Eye-Pea [Release date 19.03.13]
The doomed romanticism and fragility of Nick Drake has a lot to answer for in term of contemporary folk music. His biographer Trevor Dann pointed to a foreboding and fatalism at the heart of his work and similar elements appear in ‘The Stone House’, a singer songwriter project by Kinver.
‘The Stone House’ is an indie folk album that places the emphasis on confessional material that fits the contemporary landscape of contemplative narratives. It stands out as a mature record with honest songs that nuance the poetic isolation of Leonard Cohen and embrace the meditative elements of Bon Iver, Ben Howard and even the emotive Americana of Samuel Mead’s Iron & Wine.
There’s a connection too, with the latter genre, as both the best Americana and alt. country songwriters are judged by the authenticity of their work, and it’s that sentiment that lies at the heart of this album.
Kinver’s songs draw the listener into an emotive world of dashed hopes – ‘From the Start’ - and the contrasting optimism of love songs like ‘Basket’. In between the two, there’s the real commercial potential of ‘The Lights’, with its catchy chorus, strong cello-led melody and whispered vocal, which is reminiscent of the pop sensibilities of Edwyn Collins.
The piano-led and shuffled brush strokes of ‘Turning to Night’ lead to a beautiful sung melody with real poetic presence and the closing ‘Halfway Home’ has a similar lyrical concern, as the narrator prevaricates: ‘I got weary only half way gone, but I turn my head and I’m halfway home’ .
‘Silent Void’ also seems to measure the emotional distance between longing and commitment: ‘But it’s right here in the silent void, between knowing you and not’. Of course I could be wrong, as occasional lyrical eclecticism obfuscates clarity on an album of interlinked songs, brought to life by a perfect combination of voice and instrumentation.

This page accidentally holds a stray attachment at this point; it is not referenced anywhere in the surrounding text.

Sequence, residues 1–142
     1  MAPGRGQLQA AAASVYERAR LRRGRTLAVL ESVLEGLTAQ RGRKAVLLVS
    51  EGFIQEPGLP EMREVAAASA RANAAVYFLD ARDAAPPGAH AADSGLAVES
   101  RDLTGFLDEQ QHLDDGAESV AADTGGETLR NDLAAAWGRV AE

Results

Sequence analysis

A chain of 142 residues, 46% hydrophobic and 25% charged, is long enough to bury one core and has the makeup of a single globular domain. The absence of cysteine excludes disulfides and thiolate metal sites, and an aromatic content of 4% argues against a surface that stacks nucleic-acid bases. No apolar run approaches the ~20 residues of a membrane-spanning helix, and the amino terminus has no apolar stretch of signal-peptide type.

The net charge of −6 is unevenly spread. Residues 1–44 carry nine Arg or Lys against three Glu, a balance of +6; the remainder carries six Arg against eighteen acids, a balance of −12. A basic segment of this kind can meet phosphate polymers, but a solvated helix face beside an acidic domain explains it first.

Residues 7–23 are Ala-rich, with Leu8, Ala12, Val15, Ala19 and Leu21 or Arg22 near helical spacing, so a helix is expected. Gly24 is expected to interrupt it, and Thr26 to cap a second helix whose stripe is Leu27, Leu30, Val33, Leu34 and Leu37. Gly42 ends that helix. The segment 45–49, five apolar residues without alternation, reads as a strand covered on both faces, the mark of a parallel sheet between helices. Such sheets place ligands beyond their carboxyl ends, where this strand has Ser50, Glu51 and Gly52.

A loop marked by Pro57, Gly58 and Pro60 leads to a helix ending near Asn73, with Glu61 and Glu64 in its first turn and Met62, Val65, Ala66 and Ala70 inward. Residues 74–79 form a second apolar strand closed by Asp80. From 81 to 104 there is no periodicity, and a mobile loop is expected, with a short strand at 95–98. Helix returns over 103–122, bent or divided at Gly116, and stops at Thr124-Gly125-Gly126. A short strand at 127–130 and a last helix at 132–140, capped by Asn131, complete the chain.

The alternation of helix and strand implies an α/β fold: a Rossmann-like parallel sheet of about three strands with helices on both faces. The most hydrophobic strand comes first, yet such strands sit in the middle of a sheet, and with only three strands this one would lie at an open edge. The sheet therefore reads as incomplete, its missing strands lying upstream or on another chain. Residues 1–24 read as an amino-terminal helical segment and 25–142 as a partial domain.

The name of the project comes from the village of Kinver in Stafford, known amongst other things for its sandstone ridge, ghost, spirits and witchcraft, while the album title is lifted from the name of the studio in which the album was recorded.
A blend of Ryan Adams style whispered vocals, nuanced tones and textured sounds feature a sonorous cello, an insistent acoustic guitar and intricate percussion, while the arrangements focus on feel, and moods that reflect lyrical meaning.
It’s an organic but meticulously recorded album, in which the quintet dig deep to colour the songs and the vocals perfectly evoke the emotive twist and turns of ten songs that seamlessly hang together and probably only lack an uplifting mid-point.
The lyrics owe their primacy to a singer songwriter who lays his feelings on the line with songs that slip from reflective first person to third person narratives. The lead single ‘The Lights’ is exceptional and aims for a Radio 2 play listing and the more up tempo ‘From the Start’ is not far behind, with its insistent Paul Simon styling.
‘The Stone House’ ebbs, flows and alternates between the reflective and the introspective. ‘10,000’ has a Stackridge style ‘oh no, oh no’ refrain and fleeting aaah’s, on a song that moves from reflection to pessimism on lines like: ‘You see it everyday hungry mouths without a say in their destiny’, before resignation moves to spiritual refection: ‘There is something brighter than the sun’. It’s a line further emphasised by a George Harrison style guitar line.
‘The Will to Dance’ is full of wistful restraint and sonorous accompaniment that embeds the expressive vocal in a warm arrangement, much as it does on the waltz like intro of ‘Turning to Night’. ‘Waste in Chains’ is an unflinching love song with an aching, overly deliberate whispered vocal full of pregnant pauses and yearning moments, while ‘Lonely Soul’ is almost a slice of Americana with distant echoing guitar notes.
‘The Stonehouse’ is an album with an emotional pull and lyrical depth, sung by a vocalist whose breathy intimate style is sometimes reminiscent of Colin Blunstone. Kinver is music straight from the heart. Such are the machinations of the current music biz that a project like this almost has to go underground to get noticed. It’s succinct, real and beautifully crafted indie folk and deserves a much wider audience. ****
Review by Pete Feenstra
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